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When Beauty Meets Biotech
By: Marie Alice Dibon
Posted: September 3, 2009, from the September 2009 issue of GCI Magazine.
page 2 of 6In fact, a speech given in 2001 by a top Amgen executive gloating over the fact that, a few years previous, annual biotech treatment costs of $10,000 per patient would shock many, but now (in 2001), treatment costs 10 times that amount—a staggering $100,000 per patient, per year—were easily accepted. This was short-lived, and biotech treatments costs such as these are no longer considered viable—or even ethical.
It was time for biotech companies to look for additional sources of profit.
And if the biotech industry hadn’t started to think in terms of out-licensing toward different industries, the beauty industry, on the other hand, was paying attention and preparing for its opportunity.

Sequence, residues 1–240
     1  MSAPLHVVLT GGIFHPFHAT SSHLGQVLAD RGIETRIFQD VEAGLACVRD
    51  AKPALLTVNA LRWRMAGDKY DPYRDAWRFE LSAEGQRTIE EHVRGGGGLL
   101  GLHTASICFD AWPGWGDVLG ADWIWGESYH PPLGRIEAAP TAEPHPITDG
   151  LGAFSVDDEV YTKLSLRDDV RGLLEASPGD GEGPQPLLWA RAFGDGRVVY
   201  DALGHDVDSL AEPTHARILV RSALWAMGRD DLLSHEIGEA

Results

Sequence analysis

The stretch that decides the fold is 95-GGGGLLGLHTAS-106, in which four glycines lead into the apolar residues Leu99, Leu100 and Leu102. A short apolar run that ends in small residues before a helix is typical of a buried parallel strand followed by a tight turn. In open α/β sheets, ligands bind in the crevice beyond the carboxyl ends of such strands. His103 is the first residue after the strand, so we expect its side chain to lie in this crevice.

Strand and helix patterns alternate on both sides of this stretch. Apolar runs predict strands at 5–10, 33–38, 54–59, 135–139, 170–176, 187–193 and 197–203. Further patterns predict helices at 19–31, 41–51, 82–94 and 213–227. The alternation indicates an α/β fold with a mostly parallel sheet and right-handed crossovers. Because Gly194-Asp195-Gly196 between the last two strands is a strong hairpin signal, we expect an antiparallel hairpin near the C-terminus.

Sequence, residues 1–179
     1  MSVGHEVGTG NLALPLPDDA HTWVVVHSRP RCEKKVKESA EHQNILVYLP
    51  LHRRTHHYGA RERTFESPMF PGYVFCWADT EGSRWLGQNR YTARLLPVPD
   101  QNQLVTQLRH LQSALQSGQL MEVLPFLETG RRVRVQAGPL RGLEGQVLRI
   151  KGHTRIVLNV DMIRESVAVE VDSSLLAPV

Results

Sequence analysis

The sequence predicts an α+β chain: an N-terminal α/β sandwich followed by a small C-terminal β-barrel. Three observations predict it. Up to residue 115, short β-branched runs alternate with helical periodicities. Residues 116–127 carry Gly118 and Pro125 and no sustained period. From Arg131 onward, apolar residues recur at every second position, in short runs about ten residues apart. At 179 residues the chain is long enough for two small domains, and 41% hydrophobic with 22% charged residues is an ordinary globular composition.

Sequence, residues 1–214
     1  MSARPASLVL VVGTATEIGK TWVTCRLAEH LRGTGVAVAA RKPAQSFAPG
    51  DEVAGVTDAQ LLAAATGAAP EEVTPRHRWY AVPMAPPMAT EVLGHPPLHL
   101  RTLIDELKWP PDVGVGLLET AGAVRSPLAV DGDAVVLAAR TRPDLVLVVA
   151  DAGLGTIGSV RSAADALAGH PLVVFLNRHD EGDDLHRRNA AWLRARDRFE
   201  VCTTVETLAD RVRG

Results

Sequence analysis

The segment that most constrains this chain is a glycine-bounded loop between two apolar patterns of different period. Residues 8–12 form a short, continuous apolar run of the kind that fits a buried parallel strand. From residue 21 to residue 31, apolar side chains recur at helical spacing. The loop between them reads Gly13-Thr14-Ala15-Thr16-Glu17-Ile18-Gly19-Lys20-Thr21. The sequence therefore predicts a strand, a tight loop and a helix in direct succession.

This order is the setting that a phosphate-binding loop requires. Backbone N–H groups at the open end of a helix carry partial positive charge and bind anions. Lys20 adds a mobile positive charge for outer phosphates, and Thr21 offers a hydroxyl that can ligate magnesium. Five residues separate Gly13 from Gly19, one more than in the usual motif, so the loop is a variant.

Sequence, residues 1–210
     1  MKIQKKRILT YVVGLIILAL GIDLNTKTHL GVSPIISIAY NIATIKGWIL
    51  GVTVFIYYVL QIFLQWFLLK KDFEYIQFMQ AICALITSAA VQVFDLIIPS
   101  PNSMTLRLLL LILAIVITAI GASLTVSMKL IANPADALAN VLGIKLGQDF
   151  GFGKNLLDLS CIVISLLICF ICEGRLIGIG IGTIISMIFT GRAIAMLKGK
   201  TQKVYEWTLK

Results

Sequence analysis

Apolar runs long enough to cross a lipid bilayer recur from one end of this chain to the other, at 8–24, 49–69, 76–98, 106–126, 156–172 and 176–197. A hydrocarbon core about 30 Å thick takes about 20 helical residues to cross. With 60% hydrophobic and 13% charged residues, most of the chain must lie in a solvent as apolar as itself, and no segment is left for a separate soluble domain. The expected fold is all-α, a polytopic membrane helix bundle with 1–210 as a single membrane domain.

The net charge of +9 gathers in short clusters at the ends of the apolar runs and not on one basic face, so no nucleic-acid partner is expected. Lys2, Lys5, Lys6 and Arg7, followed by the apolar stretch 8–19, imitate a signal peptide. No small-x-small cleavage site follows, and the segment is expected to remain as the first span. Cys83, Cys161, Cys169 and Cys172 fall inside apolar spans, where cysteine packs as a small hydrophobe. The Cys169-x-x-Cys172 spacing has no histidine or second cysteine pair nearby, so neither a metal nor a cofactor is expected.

In 2001, P&G launched its Connect + Develop approach to external relationships with a strong focus on marketing ready-to-go innovations, and its acknowledgement that good ideas could come from a myriad of sources—outside the company, anywhere in the world and from any industry. This was quite a breakthrough for P&G, which had a long-standing reputation of working solely from within its walls. In 2003, Estée Lauder already had a biotech/beauty implementation plan, keeping a fairly tight watch over development in the field of biomedical research. And literature on the subject clearly showed that the line between biomedical treatments and skin care was getting blurrier by the day.
Suppliers were also gaining momentum toward making biotech a viable and lucrative addition to beauty. Vincience, since acquired by International Specialty Products, had notably produced a portfolio of actives and biotechnologies that made it clear that there were suppliers who meant serious business when it came to the incorporation of biotech in beauty ingredients.
Personal Experience—Witnessing Biotech and Beauty Merge